The following are my thoughts on the recently announced tentative agreement on a contract between the Hinsdale High School Teacher’s Association and the District 86 Board of Education (full disclosure: I am a member of the teacher’s union and also a district 86 resident). I have tried to avoid discussion of the particulars of the negotiations and to instead focus solely on what the tentative agreement means to our Cross Country team.
This past Thursday night, around 9:30, I was working on my most recent blog (about our meet against LT and Glenbard West) when I received a phone call from Coach Westhphal informing me that a tentative agreement had been reached which would resolve the protracted and contentious contract negotiations between the Hinsdale High School Teachers’ Association and the District 86 Board of Education. Moments later I received a voicemail from Coach Kupres and a text message from our union leaders confirming this news. I exchanged looks with my wife, and then we both let out a ‘whoop’ and high fived, thousands of pounds of metaphorical weight slipping off our shoulders.
For the past month, I had carried around the burden of uncertainty. As September turned to October and the contract talks stalled, the reality of a strike loomed ever greater. The ongoing negotiations became the dominant topic of conversation around the lunch table in the history department office and around the dinner table at home. We did not bring up the issue at any of our cross country team meetings, but it hung in the room unspoken, the single greatest threat to our dreams of defending last year’s state title.
A coach likes to control as many external factors as he/she can. What was most stressful about the contract negotiations was the feeling that there was nothing I could do to impact the situation. Of course I wanted the contract resolved in a way that my colleagues and I believed fair, but I also felt an intense obligation to protect the opportunity for our team members to compete at the conference meet and in the state series.
Here was my biggest fear: the strike would start before conference and not be resolved by regionals. The school would fail to be able to provide enough substitutes and would close down. All athletic teams would be required to cease competition. The season would end prematurely, and our athletes would be robbed of the chance to show how much they have improved over the course of the season. The promise we make that “hard work pays off” would be proved false. Josh Feldman would not get the chance to run at state. Matt McBrien would not get to defend his state title. Alex Domiano and Griffin Gartner would not get to experience running top 7 for a state championship team. Max Maydanchik, Sean O’Flaherty, Nick Tandle, Matt Tobia, Austin Kleber, Alex Lambert, Joe Griffin, and Stefan Rosas would not get the chance to earn JV all-conference. Every guy on our team would be denied the chance to run in their final and most important meet of the season. I am not being hyperbolic to say the feeling for me, and for many of our athletes, would be akin to how America’s Olympic qualifiers must have felt in 1980 when Jimmy Carter announced we would be boycotting the Moscow games.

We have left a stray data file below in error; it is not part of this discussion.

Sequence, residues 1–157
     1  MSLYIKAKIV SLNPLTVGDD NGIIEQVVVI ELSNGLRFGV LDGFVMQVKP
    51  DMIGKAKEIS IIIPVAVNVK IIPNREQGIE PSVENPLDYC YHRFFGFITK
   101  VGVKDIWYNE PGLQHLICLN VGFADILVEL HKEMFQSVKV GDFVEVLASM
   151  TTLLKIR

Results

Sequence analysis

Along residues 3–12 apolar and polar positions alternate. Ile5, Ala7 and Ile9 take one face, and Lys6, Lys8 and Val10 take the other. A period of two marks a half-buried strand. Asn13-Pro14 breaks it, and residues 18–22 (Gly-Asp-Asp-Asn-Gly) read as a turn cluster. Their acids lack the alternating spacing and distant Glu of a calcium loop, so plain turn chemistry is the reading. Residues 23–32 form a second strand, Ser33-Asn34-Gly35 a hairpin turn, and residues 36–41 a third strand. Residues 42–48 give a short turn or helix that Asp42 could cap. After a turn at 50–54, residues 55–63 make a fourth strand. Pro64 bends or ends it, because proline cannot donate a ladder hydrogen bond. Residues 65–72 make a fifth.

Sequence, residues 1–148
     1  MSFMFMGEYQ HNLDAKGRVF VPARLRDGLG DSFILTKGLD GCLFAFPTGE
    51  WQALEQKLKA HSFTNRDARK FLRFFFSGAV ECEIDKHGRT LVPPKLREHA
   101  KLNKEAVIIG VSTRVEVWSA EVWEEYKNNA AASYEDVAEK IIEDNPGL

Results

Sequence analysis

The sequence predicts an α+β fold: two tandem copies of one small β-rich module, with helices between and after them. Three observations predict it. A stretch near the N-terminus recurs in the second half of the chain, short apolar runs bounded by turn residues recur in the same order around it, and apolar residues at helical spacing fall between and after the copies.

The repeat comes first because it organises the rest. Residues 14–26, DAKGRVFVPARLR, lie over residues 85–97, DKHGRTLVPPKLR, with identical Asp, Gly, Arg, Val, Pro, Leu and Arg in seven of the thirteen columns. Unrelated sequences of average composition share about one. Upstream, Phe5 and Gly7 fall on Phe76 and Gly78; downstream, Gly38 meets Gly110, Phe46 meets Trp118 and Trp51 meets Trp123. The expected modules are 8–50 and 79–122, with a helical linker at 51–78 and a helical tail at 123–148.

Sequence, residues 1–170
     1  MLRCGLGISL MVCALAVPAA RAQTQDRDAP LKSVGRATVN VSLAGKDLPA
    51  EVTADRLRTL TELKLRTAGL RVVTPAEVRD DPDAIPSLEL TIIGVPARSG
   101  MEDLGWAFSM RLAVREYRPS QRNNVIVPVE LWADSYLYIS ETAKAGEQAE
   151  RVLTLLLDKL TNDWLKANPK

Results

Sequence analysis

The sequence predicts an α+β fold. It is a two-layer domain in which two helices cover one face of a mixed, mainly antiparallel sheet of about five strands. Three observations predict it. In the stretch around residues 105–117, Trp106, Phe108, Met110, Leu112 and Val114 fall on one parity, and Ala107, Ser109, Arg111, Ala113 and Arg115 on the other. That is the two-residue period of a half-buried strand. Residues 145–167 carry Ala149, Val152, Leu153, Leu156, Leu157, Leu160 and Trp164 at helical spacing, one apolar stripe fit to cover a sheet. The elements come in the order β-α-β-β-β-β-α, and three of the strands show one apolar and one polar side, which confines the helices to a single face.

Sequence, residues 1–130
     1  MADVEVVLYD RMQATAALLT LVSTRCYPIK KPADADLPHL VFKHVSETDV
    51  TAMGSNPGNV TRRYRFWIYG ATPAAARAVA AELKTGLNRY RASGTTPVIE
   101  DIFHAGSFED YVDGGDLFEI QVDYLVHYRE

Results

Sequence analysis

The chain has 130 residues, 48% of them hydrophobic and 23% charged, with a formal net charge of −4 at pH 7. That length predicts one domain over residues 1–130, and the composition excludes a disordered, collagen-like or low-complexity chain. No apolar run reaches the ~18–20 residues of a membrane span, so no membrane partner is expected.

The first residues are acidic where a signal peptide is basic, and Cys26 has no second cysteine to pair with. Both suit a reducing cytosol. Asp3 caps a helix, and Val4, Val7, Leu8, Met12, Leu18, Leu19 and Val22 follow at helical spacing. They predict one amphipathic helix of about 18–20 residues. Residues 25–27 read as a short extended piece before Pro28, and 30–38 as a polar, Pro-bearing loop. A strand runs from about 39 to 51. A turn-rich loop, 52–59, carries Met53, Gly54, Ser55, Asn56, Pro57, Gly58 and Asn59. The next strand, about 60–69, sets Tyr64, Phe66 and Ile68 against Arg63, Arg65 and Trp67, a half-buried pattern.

The worst did not happen. The community, and especially the athletes and parents on OUR team, rose up in defense of our shared mission. While I am not naïve enough to think that parents and educators necessarily have the exact same interests, I do believe that the coaches and parents of HCXC were truly united in sending the message to our union and the BOE that our boys (and, absolutely, the girl’s team, too) deserved the opportunity to see the season to its conclusion.
Last Monday’s school board meeting was unlike any event I’ve ever witnessed in my decade of teaching and coaching at Hinsdale Central. Over 1000 people crammed into the school cafeteria to make sure their voices were heard as the Board of Education considered how to respond to the teacher’s latest proposal. No other athletic team had a presence quite like the HCXC family. 45 people spoke during Audience communication, and fully 8 of them (Mr. McBrien, Ms. Kleber, Mr. Kleber, Mr. Feldman, Mr. Kennedy, Ms. Rens-Domiano, and our own Ryan Doorhy) spoke, along with other concerns, on behalf our team. Many other parents of current runners, alumni, and parents of alumni were present, as well, and had helped push for resolution by writing letters and contacting others. About 25 members of our team were in attendance, looking sharp in their red and black track jackets. These boys, along with athletes of other teams, served as a visual reminder to all present of what was at stake. They had a single evening where their usual homework assignments were put aside as they received an authentic lesson in citizenship and democracy.
Evidently, the message was received. Within three days, a tentative deal was reached. While the agreement must still be ratified by both the BOE and HHSTA, a new calm has settled upon our school and our town. When I posted on twitter that the contract negotiations appeared to be resolved, the first ‘favorite’ came from Sandburg CC. Their team has trained incredibly hard to take a shot at winning the state title this season, and know it would not mean as much without us there. We are now free to focus on preparing for that title fight. How sweet it is!